By Saeri Plagmann, Features Editor
During her freshman year, Sariyah Williams, current senior at John F. Kennedy High School, experienced what people call the “Freshmen Blues.” “I had no idea what I was doing. And I felt really weird and uncomfortable cause I had no one to talk to.” Now, as a Link Crew leader, she’s become the person she wishes she had as a ninth grader: someone to talk to, get advice from, and receive constant support– a mentor.
More than ten years have passed since the last Link Crew program at Kennedy. The purpose still remains the same since its last implementation: to help freshmen make a comfortable transition from middle school to high school. Kennedy is currently the only school in the Sacramento City Unified School District (SCUSD) to have a Link Crew program, and students, parents, and faculty believe it to be changing the culture of the campus for the better. But why have it now?
Carla DiBasilio, a freshman counselor and Link Crew advisor at Kennedy, says, “This is a program that I wanted to do for a long time, it just was waiting for funding and other like-minded people to come along.” She states the best way for a student to get the support they need is by having “students support students.” Out of 200 junior and senior applicants, 80 were selected to be Link Crew leaders for the 2017-2018 school year.
Selected leaders underwent several hours of training over the summer to practice leadership and communication skills. It prepared them for the Link Crew Orientation that 500 freshmen were scheduled to attend. One of the many purposes of the orientation was to get the freshmen to be less intimidated on their first day of high school. By having them partake in team building activities and going on a campus tour, the leaders achieved exactly that.
Since the first day of school, the success of the program has been apparent throughout the campus. Freshmen were seen to make their way around the school with ease, and some were even eating lunch with their Link leaders. Link advisors say several leaders were late to class because they were walking and helping students get to where they needed to be on time. Madison Brodeur, a freshman at Kennedy, says, “I asked my leader a lot of questions on the first day and I would’ve been lost.”
A significant leader and freshman interaction had taken place on orientation day. This leader was able to connect with a ninth grader after they both discussed their mutual interest in singing. The freshman, who was concerned with her electives because she had chosen them out of haste, was introduced to concert choir by her leader. Rather than having to sit through an uninterested elective for an entire school year, the freshman signed up for the class and eliminated her worries.
In most instances, students are unaware that school counselors are an option when facing challenges. The program has helped this option to be widely recognised. According to DiBasilio, it took longer for freshmen to come in to talk to their counselors in previous years, but more are coming in sooner. The program has helped students get to know who their counselors are, as well as build a form of trust. Elyna Cespedes, a junior and senior counselor and Link Crew advisor at Kennedy, says it is important for freshmen to feel comfortable around their counselors so that they know who to go to when it comes to academic or social concerns. Many students will go an entire year with unresolved problems, which can affect their grades and social relationships.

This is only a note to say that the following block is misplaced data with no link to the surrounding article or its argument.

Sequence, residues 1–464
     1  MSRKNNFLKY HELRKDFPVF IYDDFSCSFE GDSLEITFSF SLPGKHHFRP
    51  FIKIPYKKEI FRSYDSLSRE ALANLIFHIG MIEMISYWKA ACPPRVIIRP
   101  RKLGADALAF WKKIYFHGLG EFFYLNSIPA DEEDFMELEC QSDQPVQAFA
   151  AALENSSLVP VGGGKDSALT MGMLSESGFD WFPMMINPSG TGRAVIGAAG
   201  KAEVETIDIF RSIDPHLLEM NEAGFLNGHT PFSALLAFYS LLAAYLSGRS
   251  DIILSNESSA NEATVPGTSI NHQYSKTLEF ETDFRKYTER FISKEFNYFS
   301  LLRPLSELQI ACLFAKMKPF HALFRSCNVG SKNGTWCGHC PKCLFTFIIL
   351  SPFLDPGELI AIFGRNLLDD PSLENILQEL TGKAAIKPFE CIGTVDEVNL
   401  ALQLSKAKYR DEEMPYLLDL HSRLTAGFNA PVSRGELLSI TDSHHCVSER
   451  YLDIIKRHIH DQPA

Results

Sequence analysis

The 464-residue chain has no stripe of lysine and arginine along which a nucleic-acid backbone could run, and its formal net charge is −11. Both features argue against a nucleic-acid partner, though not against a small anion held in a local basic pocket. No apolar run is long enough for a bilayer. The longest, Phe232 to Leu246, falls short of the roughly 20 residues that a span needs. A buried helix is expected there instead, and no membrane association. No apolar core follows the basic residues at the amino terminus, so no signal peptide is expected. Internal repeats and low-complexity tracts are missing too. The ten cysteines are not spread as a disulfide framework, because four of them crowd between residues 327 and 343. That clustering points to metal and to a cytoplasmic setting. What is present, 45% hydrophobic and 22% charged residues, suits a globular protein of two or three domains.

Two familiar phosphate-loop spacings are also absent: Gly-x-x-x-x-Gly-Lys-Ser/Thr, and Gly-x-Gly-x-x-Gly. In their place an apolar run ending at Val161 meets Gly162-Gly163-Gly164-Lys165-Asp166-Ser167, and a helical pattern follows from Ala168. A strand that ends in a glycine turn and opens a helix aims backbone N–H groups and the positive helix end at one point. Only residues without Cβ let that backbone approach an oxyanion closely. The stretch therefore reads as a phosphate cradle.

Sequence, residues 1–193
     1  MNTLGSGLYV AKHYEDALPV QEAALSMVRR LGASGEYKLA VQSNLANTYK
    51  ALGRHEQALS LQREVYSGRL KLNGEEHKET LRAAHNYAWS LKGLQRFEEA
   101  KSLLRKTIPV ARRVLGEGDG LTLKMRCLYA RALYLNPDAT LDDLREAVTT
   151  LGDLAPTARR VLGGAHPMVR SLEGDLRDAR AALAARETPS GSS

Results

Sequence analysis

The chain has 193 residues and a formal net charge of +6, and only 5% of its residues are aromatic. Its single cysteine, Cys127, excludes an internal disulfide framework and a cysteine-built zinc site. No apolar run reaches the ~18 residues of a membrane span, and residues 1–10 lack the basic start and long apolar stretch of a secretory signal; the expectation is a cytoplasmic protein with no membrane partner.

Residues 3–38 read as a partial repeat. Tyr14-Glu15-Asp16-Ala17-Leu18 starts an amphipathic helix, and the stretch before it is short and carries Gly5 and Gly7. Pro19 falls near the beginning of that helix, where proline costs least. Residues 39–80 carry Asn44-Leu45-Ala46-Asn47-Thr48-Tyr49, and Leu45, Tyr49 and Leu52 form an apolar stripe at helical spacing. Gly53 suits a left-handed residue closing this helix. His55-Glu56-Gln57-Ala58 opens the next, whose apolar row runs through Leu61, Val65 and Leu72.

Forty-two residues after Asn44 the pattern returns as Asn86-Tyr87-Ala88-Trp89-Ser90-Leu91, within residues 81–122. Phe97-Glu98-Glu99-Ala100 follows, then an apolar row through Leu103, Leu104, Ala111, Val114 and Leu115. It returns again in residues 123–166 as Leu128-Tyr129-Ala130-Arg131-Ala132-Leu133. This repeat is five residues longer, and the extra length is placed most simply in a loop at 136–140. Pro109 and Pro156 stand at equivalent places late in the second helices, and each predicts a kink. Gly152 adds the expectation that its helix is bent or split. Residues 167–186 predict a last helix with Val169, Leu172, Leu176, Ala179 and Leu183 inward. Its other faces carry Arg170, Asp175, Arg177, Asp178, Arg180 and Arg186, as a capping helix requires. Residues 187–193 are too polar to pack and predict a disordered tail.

When considering the effect Link Crew will have on the future of the school, students and teachers can only see improvements. The Link Crew “used to be helpful before,” says government and economics teacher Richard Pauly, who noted “in ninth grade you lose a lot of kids because it’s a big change to come into high school. This gives them somebody they know that they can talk to,” to get advice and suggestions to stay on track.
The program offers benefits to everyone involved. Leaders themselves are at an advantage because the skills they gained from training allows them to be “leaders within their classrooms,” as Greg Palmer, freshmen counselor and Link Crew advisor, states. The training familiarizes them with how to talk to each other, as well as giving them the confidence to ask questions. These skills can be carried into college and into future careers.
Link advisors have also found that by leaders setting a good example to their freshmen, a domino effect will take place. “You have the seniors and the juniors that are getting to know each other, getting to be those leaders and showing examples of how juniors and seniors can look. And the freshmen that are watching that and saying, ‘Okay, that’s how we’re supposed to be here at Kennedy, this is just what we do.’ So that just starts to change the culture,” says Palmer.
The Link Crew program has been a huge success so far. Link advisors are determined to continue it for next year, with more teachers aware and involved in the program. Williams, who took advantage of her leadership role and resolved several concerns from her freshmen in the first few weeks, says she believes Link Crew to be “beneficial because it helps out freshmen and it kind of gives them some sort of linkage,” as well as giving them a sense of hope and a reason to be at school.
The program is making small changes to the school every day. These improvements will eventually grow to have a major impact on the community. For events and future Link leader training, financial limitations continue to be a concern. The program will accept any donations to help support what many consider to be the revival of the crown jewel of the school.
Editor’s note: A tailgate party for the Link freshmen was held on October 20. Link Leaders joined in with their freshmen as they enjoyed several games and activities that had been prepared.